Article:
Startups Staying Private Longer

Justin Lahart reported on Tuesday at The Wall Street Journal Online that, “There are lots of good reasons for startups to stay private, and no one knows that better than Julie Wainwright.

“She is the founder of RealReal, a successful privately held online retailer that has gone through seven rounds of funding. Ms. Wainwright was also the CEO of, which shut down when the cash ran out in Nov. 2000, seven months after going public.

The flood of cash into startups has allowed companies to stay private for far longer than in the past. On the positive side, companies have more time to develop and grow. But the lack of a public market valuation also raises the question of whether many companies are worth the $1 billion-plus values private investors have attached to them.”

“Startups That Never Grow Up,” by Justin Lahart. The Wall Street Journal Online (October 31, 2017).

Mr. Lahart noted that, “A lot of richly valued startups are so old that saying they need time to develop and grow is a bit of a joke. Ride-hailing service Uber, which is valued at $68 billion, has been around for over eight years. Big-data analysis firm Palantir, valued at $20 billion, is 13 years old. SpaceX, the Elon Musk -led rocket maker valued at $21 billion, is 15 years old.”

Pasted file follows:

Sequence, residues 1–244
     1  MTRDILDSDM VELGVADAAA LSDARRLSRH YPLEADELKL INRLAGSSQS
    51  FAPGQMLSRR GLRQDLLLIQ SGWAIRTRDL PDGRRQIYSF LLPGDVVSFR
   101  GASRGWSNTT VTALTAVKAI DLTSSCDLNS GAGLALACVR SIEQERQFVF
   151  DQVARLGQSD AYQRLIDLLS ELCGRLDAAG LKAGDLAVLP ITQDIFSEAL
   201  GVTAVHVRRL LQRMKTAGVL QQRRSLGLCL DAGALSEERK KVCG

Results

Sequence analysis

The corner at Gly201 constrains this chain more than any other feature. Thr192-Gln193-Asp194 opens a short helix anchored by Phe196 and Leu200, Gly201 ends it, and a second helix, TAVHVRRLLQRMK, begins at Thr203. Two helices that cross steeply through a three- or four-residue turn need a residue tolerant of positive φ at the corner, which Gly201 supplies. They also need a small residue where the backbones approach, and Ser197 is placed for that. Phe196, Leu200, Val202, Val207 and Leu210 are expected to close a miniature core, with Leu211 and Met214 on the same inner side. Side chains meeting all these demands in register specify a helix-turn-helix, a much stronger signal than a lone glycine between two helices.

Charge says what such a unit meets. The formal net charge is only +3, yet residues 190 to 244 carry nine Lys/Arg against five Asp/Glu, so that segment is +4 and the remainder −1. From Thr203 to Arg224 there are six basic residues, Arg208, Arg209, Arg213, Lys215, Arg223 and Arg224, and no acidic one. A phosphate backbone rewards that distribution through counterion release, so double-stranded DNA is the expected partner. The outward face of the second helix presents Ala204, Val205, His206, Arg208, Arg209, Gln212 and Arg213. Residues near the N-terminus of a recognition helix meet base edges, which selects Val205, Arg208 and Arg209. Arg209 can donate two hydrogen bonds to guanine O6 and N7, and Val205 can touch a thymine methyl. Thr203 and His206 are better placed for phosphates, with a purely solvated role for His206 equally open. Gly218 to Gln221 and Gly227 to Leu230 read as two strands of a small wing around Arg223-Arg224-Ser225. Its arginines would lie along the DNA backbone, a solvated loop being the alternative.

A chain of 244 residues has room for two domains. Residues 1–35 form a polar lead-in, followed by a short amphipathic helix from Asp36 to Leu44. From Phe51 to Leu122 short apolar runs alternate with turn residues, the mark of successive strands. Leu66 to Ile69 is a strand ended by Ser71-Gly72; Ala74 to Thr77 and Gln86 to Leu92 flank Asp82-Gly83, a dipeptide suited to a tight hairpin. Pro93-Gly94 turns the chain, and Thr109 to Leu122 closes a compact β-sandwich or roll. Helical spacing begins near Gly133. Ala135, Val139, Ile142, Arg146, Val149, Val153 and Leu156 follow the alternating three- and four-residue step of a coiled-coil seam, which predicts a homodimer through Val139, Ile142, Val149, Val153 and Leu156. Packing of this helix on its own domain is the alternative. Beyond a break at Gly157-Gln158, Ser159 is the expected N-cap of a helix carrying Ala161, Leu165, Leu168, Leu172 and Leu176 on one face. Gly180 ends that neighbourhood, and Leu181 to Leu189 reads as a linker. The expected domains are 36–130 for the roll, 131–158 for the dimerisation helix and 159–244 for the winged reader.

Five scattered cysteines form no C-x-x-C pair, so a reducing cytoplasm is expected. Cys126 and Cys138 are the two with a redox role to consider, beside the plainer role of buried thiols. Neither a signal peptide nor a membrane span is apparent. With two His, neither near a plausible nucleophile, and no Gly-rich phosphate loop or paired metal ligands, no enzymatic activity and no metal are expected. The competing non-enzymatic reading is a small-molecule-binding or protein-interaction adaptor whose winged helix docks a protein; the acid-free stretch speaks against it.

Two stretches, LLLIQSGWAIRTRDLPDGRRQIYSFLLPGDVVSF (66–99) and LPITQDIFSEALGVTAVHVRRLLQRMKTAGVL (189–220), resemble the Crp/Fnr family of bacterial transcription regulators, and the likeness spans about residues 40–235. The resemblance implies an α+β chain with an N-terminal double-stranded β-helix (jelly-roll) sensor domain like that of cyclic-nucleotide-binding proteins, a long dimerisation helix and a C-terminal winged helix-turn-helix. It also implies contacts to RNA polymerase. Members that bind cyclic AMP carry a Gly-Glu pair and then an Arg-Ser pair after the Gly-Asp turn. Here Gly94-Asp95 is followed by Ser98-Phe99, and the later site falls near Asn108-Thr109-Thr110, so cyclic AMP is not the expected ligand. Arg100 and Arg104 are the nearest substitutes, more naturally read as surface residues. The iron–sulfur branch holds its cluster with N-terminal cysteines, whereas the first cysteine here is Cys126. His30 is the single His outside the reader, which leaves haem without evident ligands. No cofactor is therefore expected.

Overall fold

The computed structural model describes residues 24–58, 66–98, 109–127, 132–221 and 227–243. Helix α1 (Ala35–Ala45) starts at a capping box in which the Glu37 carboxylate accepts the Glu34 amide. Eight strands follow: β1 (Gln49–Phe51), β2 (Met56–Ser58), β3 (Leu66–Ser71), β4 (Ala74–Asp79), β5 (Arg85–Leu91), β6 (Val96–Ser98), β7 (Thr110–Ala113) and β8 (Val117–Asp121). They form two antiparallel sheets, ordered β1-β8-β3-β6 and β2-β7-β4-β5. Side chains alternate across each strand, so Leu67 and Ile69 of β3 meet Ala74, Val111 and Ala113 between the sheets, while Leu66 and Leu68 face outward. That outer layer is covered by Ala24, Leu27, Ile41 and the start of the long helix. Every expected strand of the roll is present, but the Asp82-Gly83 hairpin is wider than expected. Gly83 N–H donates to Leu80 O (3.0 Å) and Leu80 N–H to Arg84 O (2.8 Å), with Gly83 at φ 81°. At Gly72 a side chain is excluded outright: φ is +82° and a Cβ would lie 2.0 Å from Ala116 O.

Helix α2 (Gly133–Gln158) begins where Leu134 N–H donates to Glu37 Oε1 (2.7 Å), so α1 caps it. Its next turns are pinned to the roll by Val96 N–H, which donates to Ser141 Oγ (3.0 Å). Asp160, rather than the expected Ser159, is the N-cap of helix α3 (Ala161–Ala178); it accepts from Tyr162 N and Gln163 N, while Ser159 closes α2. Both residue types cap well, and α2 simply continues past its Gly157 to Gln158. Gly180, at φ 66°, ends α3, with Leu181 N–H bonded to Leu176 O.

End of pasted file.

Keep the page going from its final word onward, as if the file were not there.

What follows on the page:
The article added that, “With all that money riding on them, companies may be scared to go public during less-than perfect market conditions, worried that they will end up like food company Blue Apron. It was valued at $2 billion before going public this June and now has a market capitalization of less than $1 billion.

“Yet right now, with the U.S. economy in the ninth year of an economic expansion and the stock market clocking new highs, is the perfect time to go public. What are they waiting for?”

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